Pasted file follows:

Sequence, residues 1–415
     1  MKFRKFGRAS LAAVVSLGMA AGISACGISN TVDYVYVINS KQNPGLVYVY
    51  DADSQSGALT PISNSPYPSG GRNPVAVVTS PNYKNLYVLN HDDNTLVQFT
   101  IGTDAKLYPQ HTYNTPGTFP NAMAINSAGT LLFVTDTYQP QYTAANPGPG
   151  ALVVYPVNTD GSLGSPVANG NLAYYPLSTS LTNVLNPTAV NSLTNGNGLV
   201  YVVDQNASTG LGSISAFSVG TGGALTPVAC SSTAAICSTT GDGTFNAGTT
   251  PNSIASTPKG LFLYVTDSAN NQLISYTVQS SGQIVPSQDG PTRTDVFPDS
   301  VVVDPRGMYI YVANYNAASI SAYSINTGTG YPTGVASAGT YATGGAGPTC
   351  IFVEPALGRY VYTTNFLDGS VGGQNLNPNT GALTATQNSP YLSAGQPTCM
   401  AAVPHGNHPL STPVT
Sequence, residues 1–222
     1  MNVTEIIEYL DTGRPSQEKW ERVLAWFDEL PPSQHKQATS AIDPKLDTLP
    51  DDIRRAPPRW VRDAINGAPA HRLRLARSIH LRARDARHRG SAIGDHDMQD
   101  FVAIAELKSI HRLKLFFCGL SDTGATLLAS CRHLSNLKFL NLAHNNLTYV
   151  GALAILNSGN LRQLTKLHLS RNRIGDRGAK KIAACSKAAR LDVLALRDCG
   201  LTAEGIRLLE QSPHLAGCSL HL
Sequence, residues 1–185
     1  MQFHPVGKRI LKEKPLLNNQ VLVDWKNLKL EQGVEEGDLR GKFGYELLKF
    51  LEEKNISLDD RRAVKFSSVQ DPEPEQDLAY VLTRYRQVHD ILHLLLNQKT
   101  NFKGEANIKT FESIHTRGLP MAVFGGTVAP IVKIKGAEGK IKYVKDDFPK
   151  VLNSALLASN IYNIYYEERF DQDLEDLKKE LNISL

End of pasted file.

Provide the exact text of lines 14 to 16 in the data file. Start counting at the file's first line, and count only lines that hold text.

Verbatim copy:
   101  FVAIAELKSI HRLKLFFCGL SDTGATLLAS CRHLSNLKFL NLAHNNLTYV
   151  GALAILNSGN LRQLTKLHLS RNRIGDRGAK KIAACSKAAR LDVLALRDCG
   201  LTAEGIRLLE QSPHLAGCSL HL